When I sit down to immerse myself in a book, the overall narrative style is important in drawing me into the author's world, but it's generally the sophistication of the overall plot and the strength of the characters that makes me want to stay there. As such, I don't usually wax poetic about the lyrical language of a story, the smoothly coursing flow of words, or the layered beauty of sentences and paragraphs.
Well, this is one of those exceptionally notable exceptions.
Under Heaven is, far and away, the finest work of fiction to come from the pen of Guy Gavriel Kay. It's a book that is perfect in almost every respect, so much so that I was sorry to turn that last page and lay it down, finished. It is definitely a long book, and one best enjoyed at a leisurely pace, but it could have continued on for another five or six hundred pages and I would not have voiced a word of complaint.
In terms of plotting, it's an odd tale, and one that requires a unique sort of patience on behalf of the reader. The story at the forefront of the tale initially seems a little light, given the length of the book, but the story behind that is so deep, so heavily layered, that you don't quite realize precisely how much is going on until Kay shakes us out of our complacency and thrusts us into the final part of the book. Most of the book revolves around Shen Tai, second son to a celebrated general of the imperial army, who has spent the last two years burying bones and laying souls to rest around a mountain lake to honour his father's passing. In honour of his efforts, he finds himself granted a gift of impossible value - 250 Sardian horses - that makes him a major player in the political upheaval that threatens to bring about and end to a dynasty.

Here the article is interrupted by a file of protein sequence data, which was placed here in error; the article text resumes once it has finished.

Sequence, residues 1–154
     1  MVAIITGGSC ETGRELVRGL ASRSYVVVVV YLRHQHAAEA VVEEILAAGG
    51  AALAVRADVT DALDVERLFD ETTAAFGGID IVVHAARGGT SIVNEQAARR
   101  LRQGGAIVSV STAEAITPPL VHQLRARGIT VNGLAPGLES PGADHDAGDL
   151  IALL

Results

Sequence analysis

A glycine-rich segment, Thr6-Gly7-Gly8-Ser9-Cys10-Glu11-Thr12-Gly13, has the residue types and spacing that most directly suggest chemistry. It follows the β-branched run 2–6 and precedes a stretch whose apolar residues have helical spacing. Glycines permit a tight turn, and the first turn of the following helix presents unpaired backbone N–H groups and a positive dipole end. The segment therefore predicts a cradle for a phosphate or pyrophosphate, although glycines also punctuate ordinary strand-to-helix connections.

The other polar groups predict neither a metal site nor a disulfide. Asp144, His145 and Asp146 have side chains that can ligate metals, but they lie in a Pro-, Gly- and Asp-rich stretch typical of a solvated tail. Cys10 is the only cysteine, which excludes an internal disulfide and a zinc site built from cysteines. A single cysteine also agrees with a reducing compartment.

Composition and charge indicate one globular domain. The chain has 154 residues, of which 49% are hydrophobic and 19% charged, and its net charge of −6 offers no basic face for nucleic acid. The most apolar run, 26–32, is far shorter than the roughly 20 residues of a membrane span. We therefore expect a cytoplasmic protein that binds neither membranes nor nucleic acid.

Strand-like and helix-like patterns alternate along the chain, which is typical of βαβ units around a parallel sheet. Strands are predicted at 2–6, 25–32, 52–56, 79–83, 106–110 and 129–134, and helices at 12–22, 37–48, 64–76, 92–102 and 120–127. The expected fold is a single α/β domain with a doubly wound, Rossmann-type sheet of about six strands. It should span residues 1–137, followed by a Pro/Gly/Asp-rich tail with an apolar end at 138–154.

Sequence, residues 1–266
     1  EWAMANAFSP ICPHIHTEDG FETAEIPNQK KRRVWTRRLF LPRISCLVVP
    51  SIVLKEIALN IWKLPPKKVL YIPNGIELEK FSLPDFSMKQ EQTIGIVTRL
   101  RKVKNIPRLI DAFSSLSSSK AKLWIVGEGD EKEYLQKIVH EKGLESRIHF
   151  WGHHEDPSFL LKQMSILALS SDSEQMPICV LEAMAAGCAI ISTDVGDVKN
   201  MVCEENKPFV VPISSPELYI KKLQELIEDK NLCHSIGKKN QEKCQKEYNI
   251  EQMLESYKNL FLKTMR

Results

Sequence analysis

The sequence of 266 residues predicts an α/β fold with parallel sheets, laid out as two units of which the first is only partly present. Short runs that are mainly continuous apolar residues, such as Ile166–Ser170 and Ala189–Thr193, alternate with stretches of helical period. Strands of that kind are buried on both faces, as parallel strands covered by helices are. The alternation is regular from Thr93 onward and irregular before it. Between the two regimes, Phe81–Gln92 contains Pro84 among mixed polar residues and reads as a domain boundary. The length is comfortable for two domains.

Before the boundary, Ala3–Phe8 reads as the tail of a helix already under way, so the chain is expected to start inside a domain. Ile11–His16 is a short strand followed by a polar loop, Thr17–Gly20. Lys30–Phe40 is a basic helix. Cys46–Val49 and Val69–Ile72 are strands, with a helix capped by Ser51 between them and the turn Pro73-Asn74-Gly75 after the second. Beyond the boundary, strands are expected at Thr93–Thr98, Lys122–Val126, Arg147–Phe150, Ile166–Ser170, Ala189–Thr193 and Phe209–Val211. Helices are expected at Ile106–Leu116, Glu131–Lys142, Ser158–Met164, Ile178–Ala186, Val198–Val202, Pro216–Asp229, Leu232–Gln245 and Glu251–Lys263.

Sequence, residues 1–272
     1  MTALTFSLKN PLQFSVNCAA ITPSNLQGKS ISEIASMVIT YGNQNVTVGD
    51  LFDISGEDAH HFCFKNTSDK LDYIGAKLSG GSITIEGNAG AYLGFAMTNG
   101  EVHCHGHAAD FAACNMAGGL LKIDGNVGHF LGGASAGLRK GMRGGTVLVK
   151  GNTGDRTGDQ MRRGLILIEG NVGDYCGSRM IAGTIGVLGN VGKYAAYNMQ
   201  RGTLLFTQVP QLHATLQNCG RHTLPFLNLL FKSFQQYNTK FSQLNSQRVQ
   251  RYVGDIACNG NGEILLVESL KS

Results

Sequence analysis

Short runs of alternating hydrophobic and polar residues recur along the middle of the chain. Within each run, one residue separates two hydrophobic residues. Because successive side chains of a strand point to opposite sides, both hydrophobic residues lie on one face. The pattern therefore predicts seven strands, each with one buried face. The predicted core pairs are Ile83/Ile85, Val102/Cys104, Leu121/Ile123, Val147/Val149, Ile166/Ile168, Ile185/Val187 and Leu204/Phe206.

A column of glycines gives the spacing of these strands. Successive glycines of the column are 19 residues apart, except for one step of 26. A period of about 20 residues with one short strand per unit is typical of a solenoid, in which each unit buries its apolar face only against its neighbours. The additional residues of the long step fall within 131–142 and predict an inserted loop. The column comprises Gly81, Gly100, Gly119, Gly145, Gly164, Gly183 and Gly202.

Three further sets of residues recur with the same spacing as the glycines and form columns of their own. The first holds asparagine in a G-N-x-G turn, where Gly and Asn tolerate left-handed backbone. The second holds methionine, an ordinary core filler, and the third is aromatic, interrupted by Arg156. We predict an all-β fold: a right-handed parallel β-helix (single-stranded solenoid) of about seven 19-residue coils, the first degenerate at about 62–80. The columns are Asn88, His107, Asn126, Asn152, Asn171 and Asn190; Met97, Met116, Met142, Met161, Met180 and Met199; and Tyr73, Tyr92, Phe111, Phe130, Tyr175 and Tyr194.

Along his journey to the capital in answer to a summons from the Emperor, Tai is targeted by assassins, wooed by rebels, betrayed by his elder brother, loved by his protector, befriended by the generation's greatest poet, and drawn into a game of politics that he's never wanted to play. He is forced to rise above his station, to demand the respect accorded to his honours, and to play a shocking role in the transition of an empire. He is a remarkable character, an admirable young man to whom the reader can almost relate - if only he weren't so spectacularly worthy of the highest esteem.
What makes the story so exquisite is the fact that the characters surrounding Tai are so well developed, they they're worthy of being main characters in their own right. In fact, his sister's magical journey is a story all on its own, escalating a young woman to royalty and shipping her off to a barbarous marriage, only to see her rescued by a man more wolf than man. Wei Song, Kanlin warrior and protector to Tai, is another strong woman, one who is largely responsible for seeing him to his destiny, while Wen Jian, Precious Consort of the Emperor, is a woman as dangerous as she is beautiful, and almost dizzying in her grasp of the game of politics.
Like I said, it's a long story, told at a leisurely pace, and narrated almost exclusively in the present tense. It makes for an unusual read, almost too literate for the genre, but the reader's patience is more than amply rewarded. The subtlety of the telling is exceeded only by the intricacy of the schemes and plots, with a myriad of small events commingling to change the course of history. It's a read that leaves me almost reluctant to read River of Stars, since it's almost unimaginable that an author could manage to capture such lyrical magic twice in a row, but if anybody can do it, it's Kay.Originally reviewed at Beauty in Ruins